The longer-range future of the franchise at shortstop hasn't been decided as of yet, but the future is here in one form or another, because, per Gerry Fraley, the Rangers will formally purchase the contract of one Jurickson Profar from Double-A Frisco once rosters officially expand, and he will presumably join the active major league roster tomorrow in Cleveland for the second game of the Rangers' three-game set against the Indians. The organization has not yet publicly disclosed any further call-ups or promotions, but I assume those will begin to drop in the near future as the ballclub finalizes which minor leaguers will get the call during the month of September.
Profar, of course, may be the single most luminous prospect in all of baseball right now, as he netted recognition as the No. 1 prospect in all of baseball from several eminent baseball writers at the mid-season mark (including Keith Law and Kevin Goldstein; Baseball America as a whole pegged Profar at No. 2, behind only the Orioles' Dylan Bundy), and has received expectedly high marks across the board for both baseball tools/skills (which are heavily intertwined, of course, but are not one and the same) and his high-caliber makeup, with the general consensus across the board being that he possesses the qualities of a perennial All-Star and possibly even a legit superstar, as well as far less flameout potential than what you would usually see with a 19-year-old shortstop.
And here, for the record, is how Profar has fared from a production standpoint across his three years of pro ball up through now:
The Profar situation has sparked considerable debate that has spanned the divide between traditional and "new" media, with several mainstream writers -- notably, Jean Jacques-Taylor -- arguing that Profar could provide immediate benefit to the ballclub by functioning in a utility role over the final month of the regular season and onward into the post-season, and noting that even if Ron Washington isn't on board with playing Profar, he would reap developmental rewards from being allowed to splash in the major league pool and being acclimatized to this environment sooner rather than later.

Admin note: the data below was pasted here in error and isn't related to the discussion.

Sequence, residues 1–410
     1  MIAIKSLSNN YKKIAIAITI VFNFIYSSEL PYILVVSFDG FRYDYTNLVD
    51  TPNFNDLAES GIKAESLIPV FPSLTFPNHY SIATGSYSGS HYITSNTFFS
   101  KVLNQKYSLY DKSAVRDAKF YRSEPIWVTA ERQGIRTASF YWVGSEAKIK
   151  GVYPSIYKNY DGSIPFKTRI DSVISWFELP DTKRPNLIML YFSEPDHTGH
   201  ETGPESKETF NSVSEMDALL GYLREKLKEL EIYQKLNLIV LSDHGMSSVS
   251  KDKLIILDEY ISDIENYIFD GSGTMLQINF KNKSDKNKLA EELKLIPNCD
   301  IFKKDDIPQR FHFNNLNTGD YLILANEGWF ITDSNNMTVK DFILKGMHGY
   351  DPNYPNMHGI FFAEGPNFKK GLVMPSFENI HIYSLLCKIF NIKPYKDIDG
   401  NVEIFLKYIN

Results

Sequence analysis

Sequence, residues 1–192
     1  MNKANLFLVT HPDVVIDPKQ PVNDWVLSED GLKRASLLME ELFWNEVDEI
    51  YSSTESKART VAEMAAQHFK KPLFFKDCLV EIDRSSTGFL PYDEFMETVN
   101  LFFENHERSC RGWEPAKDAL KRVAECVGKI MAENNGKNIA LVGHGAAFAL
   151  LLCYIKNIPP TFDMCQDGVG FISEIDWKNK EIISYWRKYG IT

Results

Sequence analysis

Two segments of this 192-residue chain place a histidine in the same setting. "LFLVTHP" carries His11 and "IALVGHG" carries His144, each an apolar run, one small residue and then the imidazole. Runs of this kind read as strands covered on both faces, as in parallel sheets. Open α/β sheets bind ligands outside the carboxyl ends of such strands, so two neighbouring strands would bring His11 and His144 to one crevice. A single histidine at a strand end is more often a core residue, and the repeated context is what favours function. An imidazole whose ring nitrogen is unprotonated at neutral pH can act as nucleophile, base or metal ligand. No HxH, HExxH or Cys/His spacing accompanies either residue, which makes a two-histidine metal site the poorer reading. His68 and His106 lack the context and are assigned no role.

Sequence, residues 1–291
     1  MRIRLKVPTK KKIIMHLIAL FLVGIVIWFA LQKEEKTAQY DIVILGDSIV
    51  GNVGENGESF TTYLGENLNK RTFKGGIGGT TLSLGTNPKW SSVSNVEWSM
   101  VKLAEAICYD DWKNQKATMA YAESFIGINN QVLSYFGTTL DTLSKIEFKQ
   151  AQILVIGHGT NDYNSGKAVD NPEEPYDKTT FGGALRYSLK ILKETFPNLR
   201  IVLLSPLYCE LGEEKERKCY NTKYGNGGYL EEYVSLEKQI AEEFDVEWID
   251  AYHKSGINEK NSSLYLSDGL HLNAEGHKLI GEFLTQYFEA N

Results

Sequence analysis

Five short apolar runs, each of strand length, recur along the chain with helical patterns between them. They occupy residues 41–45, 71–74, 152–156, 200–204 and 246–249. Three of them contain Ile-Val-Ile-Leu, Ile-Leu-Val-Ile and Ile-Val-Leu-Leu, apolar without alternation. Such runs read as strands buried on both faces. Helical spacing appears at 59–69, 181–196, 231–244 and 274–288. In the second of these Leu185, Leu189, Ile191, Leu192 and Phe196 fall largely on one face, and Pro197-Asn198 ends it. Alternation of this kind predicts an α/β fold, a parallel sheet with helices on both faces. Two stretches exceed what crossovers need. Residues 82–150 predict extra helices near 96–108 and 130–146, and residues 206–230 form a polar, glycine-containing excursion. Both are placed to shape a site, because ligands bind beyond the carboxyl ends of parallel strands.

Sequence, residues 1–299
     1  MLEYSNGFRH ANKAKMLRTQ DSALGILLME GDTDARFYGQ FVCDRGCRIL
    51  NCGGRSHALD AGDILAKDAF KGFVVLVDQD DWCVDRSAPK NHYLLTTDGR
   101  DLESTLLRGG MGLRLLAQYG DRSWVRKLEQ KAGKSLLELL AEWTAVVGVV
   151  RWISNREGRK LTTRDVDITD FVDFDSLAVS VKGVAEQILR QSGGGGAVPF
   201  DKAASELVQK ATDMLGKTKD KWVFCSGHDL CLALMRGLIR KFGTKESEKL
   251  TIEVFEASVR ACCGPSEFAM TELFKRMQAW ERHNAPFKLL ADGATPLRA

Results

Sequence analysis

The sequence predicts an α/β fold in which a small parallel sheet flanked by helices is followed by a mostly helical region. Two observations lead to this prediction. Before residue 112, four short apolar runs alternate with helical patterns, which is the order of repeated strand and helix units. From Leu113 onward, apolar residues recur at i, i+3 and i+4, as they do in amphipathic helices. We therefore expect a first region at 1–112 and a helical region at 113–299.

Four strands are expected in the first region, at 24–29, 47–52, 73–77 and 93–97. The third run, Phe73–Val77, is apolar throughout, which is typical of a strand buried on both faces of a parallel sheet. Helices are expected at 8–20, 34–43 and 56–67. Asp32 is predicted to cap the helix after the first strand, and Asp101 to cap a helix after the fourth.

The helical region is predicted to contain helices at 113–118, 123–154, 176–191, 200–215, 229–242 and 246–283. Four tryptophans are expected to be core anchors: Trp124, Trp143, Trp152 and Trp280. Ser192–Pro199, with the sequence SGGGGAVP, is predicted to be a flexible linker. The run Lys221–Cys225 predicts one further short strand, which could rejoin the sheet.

Washington, meanwhile, has created a stir by conveying a rather chilly attitude towards the idea of actually playing Profar, telling FOXSportsSouthwest.com last week that "the only way Profar would be playing for [Texas] is if would be playing for us is [the Rangers] were 10-15 games out." There has been some rational thought that Profar, even with his young age and the fact that 19-year-olds are going to make mistakes, is the overall best choice for the Rangers as far as filling their still-vacant utility role, but it remains to be seen whether that's a legitimate possibility, or if Washington will even utilize Profar beyond tossing him a token late-game PA or two down the stretch.
And yes, thanks to the quirky nature of baseball's post-season eligibility rules, and the fact that you can swap out any player in your organization for a guy on the disabled list and automatically render him eligible, Profar could occupy a spot on the post-season roster, even though he won't officially be added to the 25- or 40-man rosters until September 1st. With that said, though, I still harbor considerable doubts as far as Profar actually acquiring an October role -- I've already written my far-too-long treatise on the issue, but, really, the important question you have to ask is, "would Washington take Profar to war in October if he hardly uses him in September?" And the answer, as far as I see it, is "no, probably not." Perhaps I'm totally off base with that assumption, but ...
Update: In other September 1st-related news, Drew Davison of the Fort Worth Star-Telegram reports that the Rangers are also recalling left-hander Martin Perez, outfielder Leonys Martin, utility man Brandon Snyder (who isn't really a true utility man, given that he can't play up the middle), and right-hander Yoshinori Tateyama from Triple-A Round Rock, as well as placing Robbie Ross on the 15-day disabled list with a left forearm strain and recalling right-hander Tanner Scheppers, purchasing the contract of Tyler Tufts and adding him to the major league disabled list, and designating the mercurial left-hander Miguel De Los Santos for assignment.
There aren't too many surprises here, I don't think -- Perez, Martin, Snyder, and Tateyama all make abundant sense as depth guys, De Los Santos has gone backwards in an injury-marred season (unfortunately, Jason Cole believes that De Los Santos will be snapped up on waivers and/or traded and be lost for good), and adding Tufts to the major league disabled list affords Texas additional flexibility as far as its post-season roster (as I mentioned a few paragraphs above), while the otherwise curious Ross disabled-list assignment boils down to another bit of roster manipulation.
Under ordinary circumstances, there is no tangible benefit to putting a player on the disabled list after rosters have already expanded; doing so in this case, though, allows the Rangers to bring Scheppers back to the majors immediately, as opposed to waiting for another five days for his 10-day cooldown -- the 10 days that must pass before a team can call a player back up that it just optioned, which the Rangers did with Scheppers last Sunday -- to expire. That explains the procedural side of it; as far as the severity of Ross's injury, though, I have no idea what's going on, and that's going to be something that merits very close watching as we move forward.